As a child, Bec Brittain liked to grow rock candy in jars, watching the crystals multiply into strange and appealing shapes. Now 34, the lighting design star uses that same principle in her work, connecting rods and tubes in graphic forms. “I’m drawn to the idea of basing man-made structures on natural ones,” Brittain says.
After graduating from Parsons, she apprenticed under New York lighting designer Lindsey Adelman. Brittain opened her own shop in 2012, focusing on work based on the geometry of crystals, which has won her the adoration of high-end decorators around the country. “We’re known for the statement piece, the focal piece,” she says.
Her LED chandeliers can now be found in places such as Manhattan’s Puck Building, and prices range from $4,000 for a wall sconce to as much as $42,000 for a customized chandelier.
Sampling Brittain’s Best-Selling Work
The Vise ($13,700) is a blown-glass globe whose gradient hues mimic various sunsets.
The Seed Sconce ($4,000) includes crystalline bits that can be placed in patterns to create larger crystals.
The Helix Floor ($6,200) is made of brass hardware and LED tubes, which wrap around a central support.
For the Echo ($15,650), Brittain turned the tube bulbs inward, bouncing their light off mirrored fins.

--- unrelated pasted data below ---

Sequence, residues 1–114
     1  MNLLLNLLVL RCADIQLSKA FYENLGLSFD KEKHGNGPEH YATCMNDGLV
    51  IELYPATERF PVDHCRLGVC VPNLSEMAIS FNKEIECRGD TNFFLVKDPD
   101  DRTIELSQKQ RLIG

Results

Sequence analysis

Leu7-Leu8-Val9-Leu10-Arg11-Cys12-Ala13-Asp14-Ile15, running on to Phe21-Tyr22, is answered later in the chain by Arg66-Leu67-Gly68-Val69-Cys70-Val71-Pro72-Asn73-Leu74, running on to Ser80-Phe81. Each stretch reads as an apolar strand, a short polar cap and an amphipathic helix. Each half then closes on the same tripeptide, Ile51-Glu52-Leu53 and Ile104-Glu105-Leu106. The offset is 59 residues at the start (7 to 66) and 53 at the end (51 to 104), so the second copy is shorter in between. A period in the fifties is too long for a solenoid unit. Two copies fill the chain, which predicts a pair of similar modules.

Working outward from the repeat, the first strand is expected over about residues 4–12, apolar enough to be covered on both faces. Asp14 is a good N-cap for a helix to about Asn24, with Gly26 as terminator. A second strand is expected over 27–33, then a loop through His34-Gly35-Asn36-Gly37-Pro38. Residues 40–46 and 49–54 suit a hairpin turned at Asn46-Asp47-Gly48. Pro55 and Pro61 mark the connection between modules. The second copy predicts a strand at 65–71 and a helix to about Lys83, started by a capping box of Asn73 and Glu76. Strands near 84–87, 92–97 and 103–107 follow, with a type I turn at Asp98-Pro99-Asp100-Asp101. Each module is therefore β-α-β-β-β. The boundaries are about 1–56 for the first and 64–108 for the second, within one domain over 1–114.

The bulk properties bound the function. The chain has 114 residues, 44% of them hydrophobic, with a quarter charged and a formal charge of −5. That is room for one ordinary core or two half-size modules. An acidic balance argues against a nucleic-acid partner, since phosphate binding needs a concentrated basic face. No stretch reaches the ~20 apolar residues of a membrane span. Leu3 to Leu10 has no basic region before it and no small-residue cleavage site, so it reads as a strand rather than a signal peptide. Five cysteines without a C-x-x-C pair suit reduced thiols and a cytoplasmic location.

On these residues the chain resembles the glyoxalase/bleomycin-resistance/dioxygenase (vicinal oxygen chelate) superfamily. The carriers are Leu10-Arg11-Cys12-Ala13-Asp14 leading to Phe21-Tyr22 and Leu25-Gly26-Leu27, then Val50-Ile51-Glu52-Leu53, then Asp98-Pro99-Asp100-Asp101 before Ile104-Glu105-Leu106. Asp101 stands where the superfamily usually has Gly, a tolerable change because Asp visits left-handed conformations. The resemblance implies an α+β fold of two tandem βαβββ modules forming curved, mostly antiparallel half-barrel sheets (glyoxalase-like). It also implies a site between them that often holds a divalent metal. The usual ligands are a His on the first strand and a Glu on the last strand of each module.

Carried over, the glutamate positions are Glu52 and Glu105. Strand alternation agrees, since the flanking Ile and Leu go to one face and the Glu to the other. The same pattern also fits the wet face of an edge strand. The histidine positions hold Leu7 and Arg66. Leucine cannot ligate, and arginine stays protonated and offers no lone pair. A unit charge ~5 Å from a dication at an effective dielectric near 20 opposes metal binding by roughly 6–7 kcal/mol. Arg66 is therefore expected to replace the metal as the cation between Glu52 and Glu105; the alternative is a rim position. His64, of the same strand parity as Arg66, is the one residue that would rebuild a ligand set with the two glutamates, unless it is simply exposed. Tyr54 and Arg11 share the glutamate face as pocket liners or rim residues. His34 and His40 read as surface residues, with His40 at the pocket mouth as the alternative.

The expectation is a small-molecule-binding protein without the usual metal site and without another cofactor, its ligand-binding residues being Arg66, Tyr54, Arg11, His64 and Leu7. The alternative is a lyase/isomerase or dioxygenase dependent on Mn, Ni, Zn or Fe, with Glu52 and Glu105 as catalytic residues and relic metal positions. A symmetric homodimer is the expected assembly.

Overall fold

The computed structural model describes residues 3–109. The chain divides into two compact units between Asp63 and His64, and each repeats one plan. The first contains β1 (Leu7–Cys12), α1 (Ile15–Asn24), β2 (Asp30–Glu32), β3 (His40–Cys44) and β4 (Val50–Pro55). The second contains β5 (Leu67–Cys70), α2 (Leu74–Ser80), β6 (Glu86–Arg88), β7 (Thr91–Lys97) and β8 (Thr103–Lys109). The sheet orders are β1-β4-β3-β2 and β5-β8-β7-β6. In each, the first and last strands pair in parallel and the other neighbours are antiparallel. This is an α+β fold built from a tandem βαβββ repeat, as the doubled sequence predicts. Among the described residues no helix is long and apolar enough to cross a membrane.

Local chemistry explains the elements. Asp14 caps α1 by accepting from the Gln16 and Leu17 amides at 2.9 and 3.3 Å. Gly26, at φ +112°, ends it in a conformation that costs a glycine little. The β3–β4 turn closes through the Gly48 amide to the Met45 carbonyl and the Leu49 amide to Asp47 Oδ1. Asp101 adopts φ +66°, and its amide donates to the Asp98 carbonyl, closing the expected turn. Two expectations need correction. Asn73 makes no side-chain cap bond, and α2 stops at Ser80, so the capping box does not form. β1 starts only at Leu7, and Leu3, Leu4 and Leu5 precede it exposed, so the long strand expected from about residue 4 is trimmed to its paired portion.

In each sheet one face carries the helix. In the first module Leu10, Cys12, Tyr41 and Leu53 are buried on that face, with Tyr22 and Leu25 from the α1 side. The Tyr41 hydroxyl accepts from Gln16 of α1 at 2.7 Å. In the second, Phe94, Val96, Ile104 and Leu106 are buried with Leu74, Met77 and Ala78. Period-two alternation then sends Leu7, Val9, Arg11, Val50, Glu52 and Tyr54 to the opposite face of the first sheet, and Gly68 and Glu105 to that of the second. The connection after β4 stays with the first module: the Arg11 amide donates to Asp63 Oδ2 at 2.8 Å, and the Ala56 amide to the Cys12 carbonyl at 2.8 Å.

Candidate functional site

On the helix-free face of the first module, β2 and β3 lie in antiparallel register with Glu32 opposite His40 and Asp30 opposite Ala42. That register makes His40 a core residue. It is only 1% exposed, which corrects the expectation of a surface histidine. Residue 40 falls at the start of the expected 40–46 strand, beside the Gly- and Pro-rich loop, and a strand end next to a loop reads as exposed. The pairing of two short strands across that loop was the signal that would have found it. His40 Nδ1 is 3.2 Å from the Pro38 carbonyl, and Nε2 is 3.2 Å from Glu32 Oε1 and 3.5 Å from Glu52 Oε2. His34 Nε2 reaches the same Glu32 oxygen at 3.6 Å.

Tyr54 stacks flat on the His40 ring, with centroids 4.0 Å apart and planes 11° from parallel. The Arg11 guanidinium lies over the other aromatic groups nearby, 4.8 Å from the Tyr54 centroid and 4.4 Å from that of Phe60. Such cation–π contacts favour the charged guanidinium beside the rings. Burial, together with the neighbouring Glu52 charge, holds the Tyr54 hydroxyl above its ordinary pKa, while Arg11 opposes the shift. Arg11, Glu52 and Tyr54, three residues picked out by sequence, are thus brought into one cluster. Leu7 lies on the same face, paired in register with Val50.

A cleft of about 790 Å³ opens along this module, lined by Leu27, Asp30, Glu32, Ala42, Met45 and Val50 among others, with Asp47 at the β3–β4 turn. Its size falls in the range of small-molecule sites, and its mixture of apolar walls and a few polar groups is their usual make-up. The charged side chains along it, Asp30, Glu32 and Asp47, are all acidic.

Brittain designed the Maxhedron Pendant ($4,500) as a way to play with the optical properties of a two-way mirror; it glitters like a disco ball.
Four more lighting designers whose work will elevate any room
Adelman, Brittain's mentor, makes fixtures that combine warm metals, blown-glass elements, and sleek machined shapes. They're equally at home uptown (New York’s Park Hyatt hotel) and down (New York’s James hotel).
In 2013, Weeks opened a sprawling showroom in New York's Tribeca full of high-end lights that channel French design icons and Calder mobiles. His work can be found in places like Barneys New York and W Hotels.
Hendifar worked as a fashion designer before opening his studio in 2012. He pairs unusual materials such as leather and horsehair with metals and modern geometries for a moody yet luxurious look.
With his famed antler-shaped chandelier, Miller ruled the Brooklyn design scene of the early 2000s. He now produces his work under the name Roll & Hill, and his showroom also sells pieces by New York talents such as Brittain and Fort Standard.